As training decreases and stress increases, our athletes are going to lose some of their work capacity. Maybe they worked out daily. Maybe they didn’t get off the couch for 2 months. Either way, their work capacity is reduced at some level.

A big misconception I’ve seen throughout this pandemic is that people are mistaking activity for achievement. A highly developed athlete is going to usually need some higher stimuli in their training to get the adaptation they’re aiming for and unless they have the equipment to do that at home, a home workout is likely activity not achievement.

If I’m a 405 bench presser, no amount of push-ups I do at home on Zoom is really going to move the needle for me in terms of strength adaptation. I can, however, focus on sprint technique, mobility improvements and other ways to increase capacity.

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How to Increase Capacity

Due to the quarantine many of our athlete’s capacity went from an 8 ounce glass to maybe something like a shot glass. It’s smaller and easier to overflow. How do we get that big cup back under such odd circumstances?

Of course, exercise will help. But we did cover some of the challenges with that, especially with higher level athletes. The stimulus won’t be available. Training-wise, a few things that you could do are sprinting and plyo work. At least that will keep the stimulus high and actually pay dividends in the long run. 10 burpees EMOM for 10 minutes ain’t cutting it.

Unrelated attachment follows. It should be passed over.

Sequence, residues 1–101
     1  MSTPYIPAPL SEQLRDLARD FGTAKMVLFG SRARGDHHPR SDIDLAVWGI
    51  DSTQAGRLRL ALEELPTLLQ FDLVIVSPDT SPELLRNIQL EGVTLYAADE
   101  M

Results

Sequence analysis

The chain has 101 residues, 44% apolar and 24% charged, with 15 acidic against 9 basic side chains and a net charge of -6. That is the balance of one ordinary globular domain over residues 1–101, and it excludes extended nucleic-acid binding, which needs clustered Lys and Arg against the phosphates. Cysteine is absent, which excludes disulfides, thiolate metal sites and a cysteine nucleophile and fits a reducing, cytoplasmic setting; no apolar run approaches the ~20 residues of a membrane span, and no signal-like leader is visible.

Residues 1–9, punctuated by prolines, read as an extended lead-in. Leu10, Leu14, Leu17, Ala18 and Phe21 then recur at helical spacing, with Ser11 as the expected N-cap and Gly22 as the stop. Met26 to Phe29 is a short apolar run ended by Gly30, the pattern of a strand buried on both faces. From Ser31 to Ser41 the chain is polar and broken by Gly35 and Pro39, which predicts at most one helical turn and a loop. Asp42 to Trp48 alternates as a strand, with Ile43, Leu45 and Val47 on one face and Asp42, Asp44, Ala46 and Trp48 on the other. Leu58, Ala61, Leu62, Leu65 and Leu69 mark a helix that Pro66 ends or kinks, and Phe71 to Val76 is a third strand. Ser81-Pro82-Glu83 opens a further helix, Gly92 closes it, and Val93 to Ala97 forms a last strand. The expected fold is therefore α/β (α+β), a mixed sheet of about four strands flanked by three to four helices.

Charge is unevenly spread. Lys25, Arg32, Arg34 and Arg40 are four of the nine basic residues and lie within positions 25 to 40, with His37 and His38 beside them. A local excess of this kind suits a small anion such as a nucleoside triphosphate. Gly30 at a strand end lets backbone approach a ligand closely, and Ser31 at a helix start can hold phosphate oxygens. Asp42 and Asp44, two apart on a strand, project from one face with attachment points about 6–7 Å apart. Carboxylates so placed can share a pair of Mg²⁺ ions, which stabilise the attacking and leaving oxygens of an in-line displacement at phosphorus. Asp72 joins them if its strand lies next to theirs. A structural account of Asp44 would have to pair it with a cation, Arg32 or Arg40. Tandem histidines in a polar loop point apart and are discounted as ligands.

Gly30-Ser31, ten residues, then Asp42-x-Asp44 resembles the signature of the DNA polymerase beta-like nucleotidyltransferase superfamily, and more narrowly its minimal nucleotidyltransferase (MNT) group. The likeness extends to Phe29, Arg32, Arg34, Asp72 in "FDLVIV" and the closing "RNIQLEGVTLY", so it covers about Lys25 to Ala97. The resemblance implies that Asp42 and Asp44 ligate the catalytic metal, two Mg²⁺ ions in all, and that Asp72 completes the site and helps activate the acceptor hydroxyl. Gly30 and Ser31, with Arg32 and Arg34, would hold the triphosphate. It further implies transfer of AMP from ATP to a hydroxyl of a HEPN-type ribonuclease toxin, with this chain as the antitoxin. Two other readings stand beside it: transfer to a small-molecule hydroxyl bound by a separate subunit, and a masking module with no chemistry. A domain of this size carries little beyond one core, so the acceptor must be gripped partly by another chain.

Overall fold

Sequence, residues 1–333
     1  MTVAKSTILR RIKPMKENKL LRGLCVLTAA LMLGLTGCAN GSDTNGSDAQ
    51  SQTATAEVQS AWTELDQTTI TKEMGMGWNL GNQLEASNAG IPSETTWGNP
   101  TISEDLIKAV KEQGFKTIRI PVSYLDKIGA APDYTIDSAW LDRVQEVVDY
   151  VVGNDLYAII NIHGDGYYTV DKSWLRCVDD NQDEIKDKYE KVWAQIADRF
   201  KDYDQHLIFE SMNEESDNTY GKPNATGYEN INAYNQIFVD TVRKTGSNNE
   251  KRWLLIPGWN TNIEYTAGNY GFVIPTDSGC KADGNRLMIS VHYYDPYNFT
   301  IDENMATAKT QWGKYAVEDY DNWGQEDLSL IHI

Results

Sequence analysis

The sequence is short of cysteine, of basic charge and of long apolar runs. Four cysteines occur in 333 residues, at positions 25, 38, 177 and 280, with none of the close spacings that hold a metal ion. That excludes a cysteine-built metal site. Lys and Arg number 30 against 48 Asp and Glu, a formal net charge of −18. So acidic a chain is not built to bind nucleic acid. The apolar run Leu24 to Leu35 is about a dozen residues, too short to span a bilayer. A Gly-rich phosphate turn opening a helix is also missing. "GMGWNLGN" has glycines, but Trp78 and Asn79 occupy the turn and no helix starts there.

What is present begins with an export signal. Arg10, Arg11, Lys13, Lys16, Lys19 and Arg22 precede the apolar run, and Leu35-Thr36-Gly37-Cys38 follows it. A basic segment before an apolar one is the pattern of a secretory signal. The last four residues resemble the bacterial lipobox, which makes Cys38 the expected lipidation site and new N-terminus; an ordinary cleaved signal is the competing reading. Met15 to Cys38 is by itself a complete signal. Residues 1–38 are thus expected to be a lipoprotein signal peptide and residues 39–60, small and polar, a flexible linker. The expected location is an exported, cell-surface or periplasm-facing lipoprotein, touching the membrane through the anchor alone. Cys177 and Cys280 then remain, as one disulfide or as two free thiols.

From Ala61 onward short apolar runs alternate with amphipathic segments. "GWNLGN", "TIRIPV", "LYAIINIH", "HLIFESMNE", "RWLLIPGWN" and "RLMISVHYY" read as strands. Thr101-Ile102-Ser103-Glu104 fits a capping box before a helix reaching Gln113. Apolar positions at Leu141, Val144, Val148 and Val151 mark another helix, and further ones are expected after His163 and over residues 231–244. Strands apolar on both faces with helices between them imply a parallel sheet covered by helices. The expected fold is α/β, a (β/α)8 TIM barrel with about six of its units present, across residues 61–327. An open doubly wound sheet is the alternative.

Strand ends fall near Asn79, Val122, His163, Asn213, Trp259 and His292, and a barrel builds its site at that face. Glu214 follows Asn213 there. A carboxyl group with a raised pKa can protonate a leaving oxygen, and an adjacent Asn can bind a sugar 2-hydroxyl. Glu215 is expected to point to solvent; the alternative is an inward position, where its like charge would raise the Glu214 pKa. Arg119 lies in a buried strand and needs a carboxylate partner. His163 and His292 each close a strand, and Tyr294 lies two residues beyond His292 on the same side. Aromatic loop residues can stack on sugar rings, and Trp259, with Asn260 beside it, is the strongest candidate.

Another no-brainer is diet.

Don’t eat like I did the night I found out my gym would be closed by the government indefinitely. Although pizza, wings and ice cream is good for the soul…

Okay, but seriously, athletes could fine tune their nutrition during this downtime. Lock in the macro and micronutrients. Encourage athletes to take into account the things that may be lacking, in general, and also due to COVID-19. Vitamin C seems like a great idea here. Elderberry. Get some increased Vitamin D intake to make up for the indoor isolation. Keep hydration on point. It doesn’t have to be a diet plan calculated down to the calorie, just make some logical decisions.